Using vSphere Auto Deploy to reduce configuration drift in the enterprise – Part 1

20150928 - 1A common challenge facing enterprise deployments of vSphere is configuration drift.  When the hardware or software configuration changes, manageability becomes increasingly difficult. This in turn results in higher support costs.

In this article I explain how to use the tried-and-tested vSphere Auto Deploy technology to deploy eight ESXi 5.5 hosts in stateless mode.  The hosts have no hard disks, internal USB or SD cards installed, nor will they be booting from SAN.

The hosts will eventually be used for a VMware Horizon View deployment, and will be managed by a separate cluster.

Together with this I explain how to user vCenter alerting to notify you of configuration drift, and also how a simple reboot can patch a host to an updated version.

ESXi installation options

When provisioning ESXi hosts a number of options are available, namely:

  • Installed
  • Embedded
  • Stateless

As I’m sure most are aware, Installed is the version you install on a local hard disk or Boot-from-SAN LUN.  Typically you download the ESXi software from VMware and install it yourself.  This can either be an interactive, scripted, or a stateful install (where Auto Deploy is also used).

The Embedded install option comes direct from the hardware vendor, and is often customised with their drivers and software.  There is no deployment to this as this has already been done for you.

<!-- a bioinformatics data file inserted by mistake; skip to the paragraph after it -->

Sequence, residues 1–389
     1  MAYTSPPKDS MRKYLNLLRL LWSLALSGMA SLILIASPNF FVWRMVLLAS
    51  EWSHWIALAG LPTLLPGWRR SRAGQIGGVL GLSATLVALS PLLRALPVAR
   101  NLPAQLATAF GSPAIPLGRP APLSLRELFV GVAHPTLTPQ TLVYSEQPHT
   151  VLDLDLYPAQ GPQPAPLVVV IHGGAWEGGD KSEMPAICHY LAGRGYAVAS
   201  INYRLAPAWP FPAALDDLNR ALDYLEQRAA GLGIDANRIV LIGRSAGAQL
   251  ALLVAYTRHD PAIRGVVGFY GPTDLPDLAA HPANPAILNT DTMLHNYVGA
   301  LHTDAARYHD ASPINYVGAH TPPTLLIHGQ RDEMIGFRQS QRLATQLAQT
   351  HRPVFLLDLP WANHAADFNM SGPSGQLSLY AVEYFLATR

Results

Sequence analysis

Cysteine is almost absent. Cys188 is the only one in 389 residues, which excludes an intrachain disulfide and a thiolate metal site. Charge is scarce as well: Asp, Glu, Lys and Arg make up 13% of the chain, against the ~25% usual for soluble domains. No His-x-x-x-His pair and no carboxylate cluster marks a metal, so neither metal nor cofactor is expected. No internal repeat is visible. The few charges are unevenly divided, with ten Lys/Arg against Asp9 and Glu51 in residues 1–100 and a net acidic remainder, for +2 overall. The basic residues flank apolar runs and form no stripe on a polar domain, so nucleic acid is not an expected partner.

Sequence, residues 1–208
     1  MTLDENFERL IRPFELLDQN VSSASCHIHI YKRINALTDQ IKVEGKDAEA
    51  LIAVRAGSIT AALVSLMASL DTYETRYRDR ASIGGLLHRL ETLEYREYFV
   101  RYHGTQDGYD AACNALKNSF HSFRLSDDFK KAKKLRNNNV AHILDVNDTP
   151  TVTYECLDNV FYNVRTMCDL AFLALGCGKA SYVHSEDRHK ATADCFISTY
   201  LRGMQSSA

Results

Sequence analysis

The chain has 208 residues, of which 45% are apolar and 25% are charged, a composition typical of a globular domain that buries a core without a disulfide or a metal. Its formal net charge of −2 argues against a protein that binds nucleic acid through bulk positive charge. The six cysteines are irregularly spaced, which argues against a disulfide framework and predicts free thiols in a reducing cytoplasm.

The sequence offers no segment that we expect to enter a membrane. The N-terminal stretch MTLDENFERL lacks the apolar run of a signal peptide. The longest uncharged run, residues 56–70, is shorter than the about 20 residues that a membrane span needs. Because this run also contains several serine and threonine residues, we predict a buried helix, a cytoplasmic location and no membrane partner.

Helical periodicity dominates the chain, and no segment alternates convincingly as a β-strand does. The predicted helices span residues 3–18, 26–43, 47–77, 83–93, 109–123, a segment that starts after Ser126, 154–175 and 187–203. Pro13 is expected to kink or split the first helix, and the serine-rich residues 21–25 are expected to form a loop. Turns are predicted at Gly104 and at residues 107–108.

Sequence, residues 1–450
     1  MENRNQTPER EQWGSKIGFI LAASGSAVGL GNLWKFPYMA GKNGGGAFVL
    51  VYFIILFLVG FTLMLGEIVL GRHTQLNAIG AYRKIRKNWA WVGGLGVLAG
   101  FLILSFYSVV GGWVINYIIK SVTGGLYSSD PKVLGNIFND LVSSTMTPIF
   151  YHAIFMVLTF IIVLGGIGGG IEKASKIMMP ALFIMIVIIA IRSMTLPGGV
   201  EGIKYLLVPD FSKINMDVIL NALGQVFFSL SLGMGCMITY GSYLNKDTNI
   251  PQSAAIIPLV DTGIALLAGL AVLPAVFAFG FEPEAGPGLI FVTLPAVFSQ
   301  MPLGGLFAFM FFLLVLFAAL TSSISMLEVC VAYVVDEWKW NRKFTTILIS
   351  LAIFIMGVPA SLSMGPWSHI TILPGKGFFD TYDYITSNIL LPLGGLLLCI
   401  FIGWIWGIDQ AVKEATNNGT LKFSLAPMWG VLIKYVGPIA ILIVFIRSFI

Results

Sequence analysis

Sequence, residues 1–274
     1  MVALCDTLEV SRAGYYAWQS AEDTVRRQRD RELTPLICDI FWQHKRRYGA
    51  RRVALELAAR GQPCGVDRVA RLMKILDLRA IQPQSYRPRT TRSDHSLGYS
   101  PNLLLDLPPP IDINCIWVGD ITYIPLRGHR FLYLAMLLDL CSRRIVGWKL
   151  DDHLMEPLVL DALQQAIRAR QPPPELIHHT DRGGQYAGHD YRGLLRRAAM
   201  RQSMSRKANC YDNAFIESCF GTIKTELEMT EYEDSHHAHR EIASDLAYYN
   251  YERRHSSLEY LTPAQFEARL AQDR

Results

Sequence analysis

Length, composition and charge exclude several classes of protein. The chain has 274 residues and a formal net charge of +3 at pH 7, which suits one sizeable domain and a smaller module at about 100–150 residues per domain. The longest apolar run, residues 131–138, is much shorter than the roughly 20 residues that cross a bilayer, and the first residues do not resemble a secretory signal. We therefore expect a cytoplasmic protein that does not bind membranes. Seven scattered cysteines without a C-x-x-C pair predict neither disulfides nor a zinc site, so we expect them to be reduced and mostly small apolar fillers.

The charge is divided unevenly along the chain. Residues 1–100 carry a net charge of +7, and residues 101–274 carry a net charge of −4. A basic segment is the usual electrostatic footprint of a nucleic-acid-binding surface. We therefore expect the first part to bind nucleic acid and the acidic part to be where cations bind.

It is interesting to note that when you perform an ESXi installation (Installed) yourself to either an internal USB or SD card, that this is considered as an Embedded installation (you can verify this by using the esxcli-info -e command.  Look for “visor-usb”).

The last option, Stateless, is provisioned using Auto Deploy.  This in turn comes in three options:

  • Stateless
  • Stateless Cached
  • Stateless Installed

With Stateless, the host receives its image over the network using Auto Deploy.  The image is loaded into memory, and nothing is saved locally.

When a host uses Stateless Cached, the image is again received over the network, but a copy is cached to a local disk.  The host continues to boot from the network, but in the event of an image not being available (eg. a DHCP / PXE / TFTP failure) then the host is able to boot from the cached version.

An administrator can use Auto Deploy to configure a host to receive an image over the network, save it locally, and then continue to use it.  Auto Deploy is then no longer used.   In this scenario, the installation behaves in the same way as an Installed installation.  This is Stateless Installed.

Stateless AutoDeploy isn’t ideal for all situations.  For example, at the company I work for the management functions (DNS, DHCP, AD, vCenter) are often segregated from the hosts they manage.  If you…

When using Stateless, it is important to remember that there is no scratch partition, so a few things have to be configured in order for a host to work as expected.  These include VMware Tools, logging and the dump collector.


The following scenario assumes you have the following components installed and configured:

  • VMware vCenter (Windows)
  • DHCP server
  • TFTP server
  • PowerCLI

To demonstrate how to upgrade a host to the latest revision, I will be using two ESXi 5.5 builds, namely Update 2 and Update 3.

Let’s get started!


To begin with we need to configure two DHCP options, namely number 66 (Boot Server Host Name) and 67 (Bootfile Name).

Regular readers of my blog will know I’m more focused on command-line then that of the GUI, so to configure these I will be using the CLI.  If this is not possible for you, feel free to use the tool of choice.

If you are using a Windows DHCP server, use the two following commands (substitute accordingly):

netsh dhcp server localhost scope set optionvalue 66 STRING